Most the folks who feel that the Farmers’ market prices are MUCH TOO high have never even shopped the farmers’ market (in Staunton or anywhere else). Most times, the prices are close to the grocery prices, as the vendors realize what the public is willing to pay. Although, lower prices do not always mean more sales, and there is a point when it is no longer profitable to sell an item. Many times, farmers don’t know exactly what they put into a crop, what they should get out of it, so they go by the grocery, check the price and either use that price or something slightly higher. This is not a necessarily a good plan, as vegetables are often the “loss leader” (the low price that gets the shopper in the store, only to have them spend far more on other things).

During the “holiday season”, turkeys and hams are priced cheaply to promote their sales. The turkeys and hams have been produced by farmers working for the big names in the food industry. The producers have grown out HUGE numbers and the most basic tenets of economics state that the larger number produced, the smaller the investment in each unit, and ultimately the higher profit per unit. This is one reason a Geo is far cheaper than a Bentley. The stores get quantity discounting and know that when they get the shoppers in for a DEAL they will also buy the rest of their holiday food at regular or in some cases, inflated prices.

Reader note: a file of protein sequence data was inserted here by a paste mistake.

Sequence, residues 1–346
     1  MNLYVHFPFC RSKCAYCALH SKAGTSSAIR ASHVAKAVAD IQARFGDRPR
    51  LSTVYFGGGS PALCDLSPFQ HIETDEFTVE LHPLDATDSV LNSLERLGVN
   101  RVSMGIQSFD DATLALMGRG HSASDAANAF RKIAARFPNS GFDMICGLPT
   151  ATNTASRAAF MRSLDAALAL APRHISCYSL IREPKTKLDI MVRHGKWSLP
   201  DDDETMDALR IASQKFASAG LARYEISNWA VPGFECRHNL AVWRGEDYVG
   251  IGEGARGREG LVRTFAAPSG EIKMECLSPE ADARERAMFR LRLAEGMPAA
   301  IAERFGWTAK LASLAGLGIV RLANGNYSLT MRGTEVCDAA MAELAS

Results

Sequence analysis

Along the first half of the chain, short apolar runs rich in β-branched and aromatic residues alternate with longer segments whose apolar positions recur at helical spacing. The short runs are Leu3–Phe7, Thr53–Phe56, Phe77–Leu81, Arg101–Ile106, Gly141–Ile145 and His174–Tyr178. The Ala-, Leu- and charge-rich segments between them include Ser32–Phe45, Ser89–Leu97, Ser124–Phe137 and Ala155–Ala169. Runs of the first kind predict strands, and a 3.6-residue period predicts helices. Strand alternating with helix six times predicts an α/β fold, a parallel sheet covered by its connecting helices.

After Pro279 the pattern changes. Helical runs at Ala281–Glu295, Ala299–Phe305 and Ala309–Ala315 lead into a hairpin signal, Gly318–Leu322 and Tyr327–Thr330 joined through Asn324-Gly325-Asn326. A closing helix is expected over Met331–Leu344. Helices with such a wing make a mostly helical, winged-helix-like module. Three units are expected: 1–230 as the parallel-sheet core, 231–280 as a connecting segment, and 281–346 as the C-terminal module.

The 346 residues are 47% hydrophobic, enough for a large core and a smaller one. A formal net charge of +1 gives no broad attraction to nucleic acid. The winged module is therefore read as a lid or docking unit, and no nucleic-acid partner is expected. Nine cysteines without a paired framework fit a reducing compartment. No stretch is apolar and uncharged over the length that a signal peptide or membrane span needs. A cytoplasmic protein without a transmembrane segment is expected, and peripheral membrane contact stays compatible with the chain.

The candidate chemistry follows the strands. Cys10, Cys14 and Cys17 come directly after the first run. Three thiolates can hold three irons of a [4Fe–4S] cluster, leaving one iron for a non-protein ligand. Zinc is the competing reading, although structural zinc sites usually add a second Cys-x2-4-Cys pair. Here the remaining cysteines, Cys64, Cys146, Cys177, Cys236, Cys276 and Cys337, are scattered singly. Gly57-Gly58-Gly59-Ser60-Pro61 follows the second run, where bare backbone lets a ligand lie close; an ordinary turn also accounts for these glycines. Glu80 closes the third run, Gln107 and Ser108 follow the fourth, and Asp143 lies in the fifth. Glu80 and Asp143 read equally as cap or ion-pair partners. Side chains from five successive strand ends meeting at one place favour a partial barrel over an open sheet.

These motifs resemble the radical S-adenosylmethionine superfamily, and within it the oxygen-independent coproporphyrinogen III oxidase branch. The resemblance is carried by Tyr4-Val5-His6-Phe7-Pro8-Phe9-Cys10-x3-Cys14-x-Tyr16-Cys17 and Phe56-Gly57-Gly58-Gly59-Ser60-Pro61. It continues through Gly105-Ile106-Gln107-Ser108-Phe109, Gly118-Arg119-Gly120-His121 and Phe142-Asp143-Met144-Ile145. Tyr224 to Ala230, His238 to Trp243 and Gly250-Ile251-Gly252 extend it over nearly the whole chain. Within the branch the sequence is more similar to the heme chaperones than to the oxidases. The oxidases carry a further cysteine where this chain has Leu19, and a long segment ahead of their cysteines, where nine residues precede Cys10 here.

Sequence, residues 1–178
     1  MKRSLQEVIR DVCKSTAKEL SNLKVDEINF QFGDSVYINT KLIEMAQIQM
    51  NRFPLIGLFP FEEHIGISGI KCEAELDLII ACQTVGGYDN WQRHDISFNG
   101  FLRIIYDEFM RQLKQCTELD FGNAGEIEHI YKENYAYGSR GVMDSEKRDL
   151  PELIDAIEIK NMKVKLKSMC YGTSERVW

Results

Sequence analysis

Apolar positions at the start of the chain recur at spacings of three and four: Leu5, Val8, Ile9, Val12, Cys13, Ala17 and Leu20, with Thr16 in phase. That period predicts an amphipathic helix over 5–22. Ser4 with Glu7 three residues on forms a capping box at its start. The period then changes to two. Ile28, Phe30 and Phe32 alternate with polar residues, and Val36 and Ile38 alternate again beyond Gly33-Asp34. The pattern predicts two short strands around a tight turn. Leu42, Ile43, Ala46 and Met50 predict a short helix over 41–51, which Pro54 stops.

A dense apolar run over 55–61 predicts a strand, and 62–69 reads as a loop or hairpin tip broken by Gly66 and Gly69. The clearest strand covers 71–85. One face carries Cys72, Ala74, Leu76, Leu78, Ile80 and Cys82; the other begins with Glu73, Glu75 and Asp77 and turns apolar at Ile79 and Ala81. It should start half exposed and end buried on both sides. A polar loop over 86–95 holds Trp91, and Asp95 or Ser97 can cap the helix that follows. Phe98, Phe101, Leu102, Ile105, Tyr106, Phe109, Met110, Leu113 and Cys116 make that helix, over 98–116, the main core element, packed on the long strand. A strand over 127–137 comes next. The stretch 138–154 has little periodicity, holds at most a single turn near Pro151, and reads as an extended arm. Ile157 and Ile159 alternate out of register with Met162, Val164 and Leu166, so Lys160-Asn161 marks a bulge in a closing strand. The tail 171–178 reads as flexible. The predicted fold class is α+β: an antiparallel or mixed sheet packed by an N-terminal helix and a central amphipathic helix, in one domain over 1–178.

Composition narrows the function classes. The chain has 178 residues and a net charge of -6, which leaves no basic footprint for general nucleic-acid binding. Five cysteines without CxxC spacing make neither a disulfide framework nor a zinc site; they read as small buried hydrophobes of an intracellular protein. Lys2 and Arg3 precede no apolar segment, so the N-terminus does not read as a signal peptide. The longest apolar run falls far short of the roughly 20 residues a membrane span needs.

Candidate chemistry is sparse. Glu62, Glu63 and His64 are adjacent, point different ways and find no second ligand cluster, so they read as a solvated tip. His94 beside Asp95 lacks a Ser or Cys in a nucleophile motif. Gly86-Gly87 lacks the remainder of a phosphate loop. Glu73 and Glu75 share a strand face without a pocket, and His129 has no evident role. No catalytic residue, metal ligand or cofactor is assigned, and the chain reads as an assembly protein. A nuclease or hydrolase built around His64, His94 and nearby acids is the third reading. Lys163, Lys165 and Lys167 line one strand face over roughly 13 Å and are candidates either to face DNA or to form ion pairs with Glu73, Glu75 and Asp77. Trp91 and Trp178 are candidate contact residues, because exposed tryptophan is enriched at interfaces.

In all fairness to farmers, they should be able to make a good living growing food for other folks’ consumption! They are professionals, after all. They possess a knowledge that most do not when it comes to producing food in a safe, economical and delicious manner. Try farming, just for a day, you’ll come away with a new appreciation.

Years ago, I had a conversation with my father as he was watching me prepare beans for canning. He said, “Why should I bother to put up any green beans when I can buy them for 29cents at Rack and Sack (a local grocery)?” I attempted to argue freshness and food safety, knowing full well that the almighty dollar was always the deciding factor to him. I conceded that if price alone was the criterion, then, by all the beans. A side note...apparently Rack and Sack found that cheap wasn’t sustainable...they went out of business. On the other hand, I still put up beans, and know exactly where those beans grew, how they were processed, and that there are ONLY beans in my jars or freezer containers.

If the “bottom line” is the only deciding factor, then everyone would eat the very cheapest thing they could. Flavor, nutrition and personal preference would no longer matter. However, freshness, quality, food safety, and investment in the community are some other issues that shoppers at the Farmers market consider. Most shoppers find those attributes very important, and are willing to make the commitment to shop the market in order to obtain them.